“[General] Washington’s unheralded and little-recognized resolution to inoculate the Continental forces must surely rank among his most important decisions of the war,” historian Elizabeth A. Fenn wrote. Thanks to the courage of men like Washington smallpox was wholly eradicated in 1979.
Whether it is today’s enclosed air traveler, George Washington’s half-brother Lawrence, or an 1880s milk-drinking American citizen someone somewhere is newly infected with the tuberculosis bacterium (TB) every second. Tuberculosis is an infectious bacterial disease that spreads when an infected person coughs or sneezes and the airborne contaminant is inhaled by another located nearby. It is also spread by drinking unpasteurized, contaminated milk.
In 1882 German bacteriologist Robert Koch proved that tuberculosis was caused by contagious bacteria, not by heredity as others assumed. “If [Louis] Pasteur’s culture experiments have led to the discovery of a method by which the poison of splenic fever is rendered harmless, and the disease prevented by the timely inoculation of the modified virus, may we not hope that the time is not distant when the ravages of [tubercular] consumption will be prevented by the inoculation of a modified bacillus?” The Washington Post wrote in 1883.
“.…That tuberculosis is contagious and that it is transmissible from human beings to animals or vice versa are among the statements on which the members of the [first International Tuberculosis] Congress were substantially agreed,” The Washington Post continued in 1888. “The practical identity of tuberculosis in the case of men, women and cattle is now acknowledged.” The cattle type accounted for approximately 10% of all cases of human pulmonary tuberculosis and 100% of all human cases involving organ damage.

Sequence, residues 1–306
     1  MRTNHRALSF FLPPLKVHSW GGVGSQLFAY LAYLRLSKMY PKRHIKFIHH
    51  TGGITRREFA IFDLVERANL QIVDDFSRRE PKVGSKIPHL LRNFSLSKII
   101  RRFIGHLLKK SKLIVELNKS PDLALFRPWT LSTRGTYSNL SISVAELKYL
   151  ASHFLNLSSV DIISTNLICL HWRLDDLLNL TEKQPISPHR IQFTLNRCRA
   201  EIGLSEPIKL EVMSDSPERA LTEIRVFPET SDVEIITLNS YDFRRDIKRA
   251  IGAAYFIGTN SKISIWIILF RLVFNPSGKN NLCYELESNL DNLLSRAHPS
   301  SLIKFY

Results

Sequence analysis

By 1900 untreated tuberculosis was the country’s leading cause of human mortality, with a death rate of 194/100,000. More than a century later, in 2008, 1.8 million of the world’s people died from tuberculosis. Only 2% of those with multi-drug resistant TB receive proper medication.
The National Academy of Sciences Marian Koshland Science Museum acknowledges the broader problem of drug resistance. Antibiotic resistance is one of globe’s most pressing public health problems. Scottish bacteriologist Alexander Fleming discovered the first antibiotic—penicillin—in 1927. Penicillin-resistant staph bacteria progressed 15 years later. E. coli now resists ampicillin, sulfonamide and tetracycline. The Koshland Science Museum is located in the District of Columbia, http://www.koshland-science-museum.org.